Cars That Don’t Look Like Cars
China is hosting something called the International Electric Vehicle & Clean Energy Vehicle Exhibition, and some photos have leaked. We’ll show you a few here and tell you what we know about the show. Reuters published a video script (I can’t find the actual video), which says in part:
More than 50 Chinese clean car and battery makers gathered in Beijing on Monday (July 13) to showcase their latest models to potential buyers, as China’s government vows to take the lead in the electric car industry.
Beijing unveiled a plan earlier this year to subsidize the purchase of clean-energy vehicles for public transport in 13 cities to help its automobile industry develop green technology.
The trial scheme will promote the use of electric, hybrid and fuel-cell vehicles by public transport operators, taxi firms and postal and sanitary services.
At the car show, in addition to buses, taxis and police cars, car makers debuted some of their latest models for electric family vehicles.
But look at these things! At least you can say the Chinese have tried to turn a new page in car design. Whether or how these things will get on the roads is another question.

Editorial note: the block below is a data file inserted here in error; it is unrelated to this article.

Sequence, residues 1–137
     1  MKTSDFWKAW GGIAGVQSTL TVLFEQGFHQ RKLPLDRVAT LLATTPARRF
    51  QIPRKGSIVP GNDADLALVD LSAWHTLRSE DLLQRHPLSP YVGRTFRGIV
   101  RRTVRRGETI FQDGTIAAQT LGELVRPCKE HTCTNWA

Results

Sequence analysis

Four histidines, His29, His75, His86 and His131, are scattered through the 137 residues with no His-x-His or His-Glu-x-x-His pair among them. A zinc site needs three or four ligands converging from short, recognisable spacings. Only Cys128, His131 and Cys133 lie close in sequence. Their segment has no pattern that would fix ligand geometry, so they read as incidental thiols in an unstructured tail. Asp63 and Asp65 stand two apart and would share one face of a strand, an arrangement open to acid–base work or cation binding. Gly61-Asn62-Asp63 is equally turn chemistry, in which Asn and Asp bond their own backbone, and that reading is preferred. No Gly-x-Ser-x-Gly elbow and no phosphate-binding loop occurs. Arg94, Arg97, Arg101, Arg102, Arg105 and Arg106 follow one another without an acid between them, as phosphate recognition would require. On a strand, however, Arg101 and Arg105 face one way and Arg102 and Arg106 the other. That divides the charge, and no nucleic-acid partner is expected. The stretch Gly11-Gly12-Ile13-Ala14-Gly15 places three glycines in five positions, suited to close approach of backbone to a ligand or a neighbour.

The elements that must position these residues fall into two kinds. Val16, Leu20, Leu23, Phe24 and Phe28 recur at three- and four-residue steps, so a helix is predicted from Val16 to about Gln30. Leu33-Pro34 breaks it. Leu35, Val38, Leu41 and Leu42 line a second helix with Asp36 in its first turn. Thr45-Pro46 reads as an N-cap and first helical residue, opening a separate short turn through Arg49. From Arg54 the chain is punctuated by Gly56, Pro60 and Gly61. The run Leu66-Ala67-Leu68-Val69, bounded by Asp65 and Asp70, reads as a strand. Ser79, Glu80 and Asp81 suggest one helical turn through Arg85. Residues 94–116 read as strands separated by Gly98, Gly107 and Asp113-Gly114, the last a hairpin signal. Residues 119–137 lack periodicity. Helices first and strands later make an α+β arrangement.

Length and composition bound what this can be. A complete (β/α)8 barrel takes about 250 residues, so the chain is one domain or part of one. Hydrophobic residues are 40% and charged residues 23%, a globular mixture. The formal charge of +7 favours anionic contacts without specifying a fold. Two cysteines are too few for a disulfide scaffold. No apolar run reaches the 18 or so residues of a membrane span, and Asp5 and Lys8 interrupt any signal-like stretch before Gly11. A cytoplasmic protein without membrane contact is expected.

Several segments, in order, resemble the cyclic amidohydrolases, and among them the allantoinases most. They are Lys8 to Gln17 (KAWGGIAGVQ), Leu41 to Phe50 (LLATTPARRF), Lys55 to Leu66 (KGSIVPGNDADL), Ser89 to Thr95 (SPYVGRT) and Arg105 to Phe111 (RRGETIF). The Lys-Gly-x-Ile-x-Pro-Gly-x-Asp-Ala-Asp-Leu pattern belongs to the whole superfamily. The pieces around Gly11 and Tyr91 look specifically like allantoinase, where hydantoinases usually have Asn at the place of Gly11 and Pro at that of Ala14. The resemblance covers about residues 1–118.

Since China has now surpassed the U.S. as world champion greenhouse-gas polluter, its government appears to have recognized the need for cleaner transport, though they still rely on coal to generate most of the country’s energy. They also continually point the finger at the rich countries for their piggish ways.
The EU president pointed her own finger at the Chinese during the opening of global climate talks on the same day the clean car exhibit debuted, saying she expected more from China as well as the developed countries. The show stressed everything from battery technology to fuel cells for buses (subsidies provided for the latter). And, “in order to promote clean cars, local governments were asked to allocate money to build and maintain facilities for green vehicles.”
There will be subsidies to SAIC, for instance, China’s biggest car company, to produce hybrid and electric cars. And the government plans to provide other means to help its carmakers out of the economic slump and go green.
Why, we ask, doesn’t the U.S. do something similar before we all wake up one morning choking on pollution? How bad do things have to get before the feds and the states take action?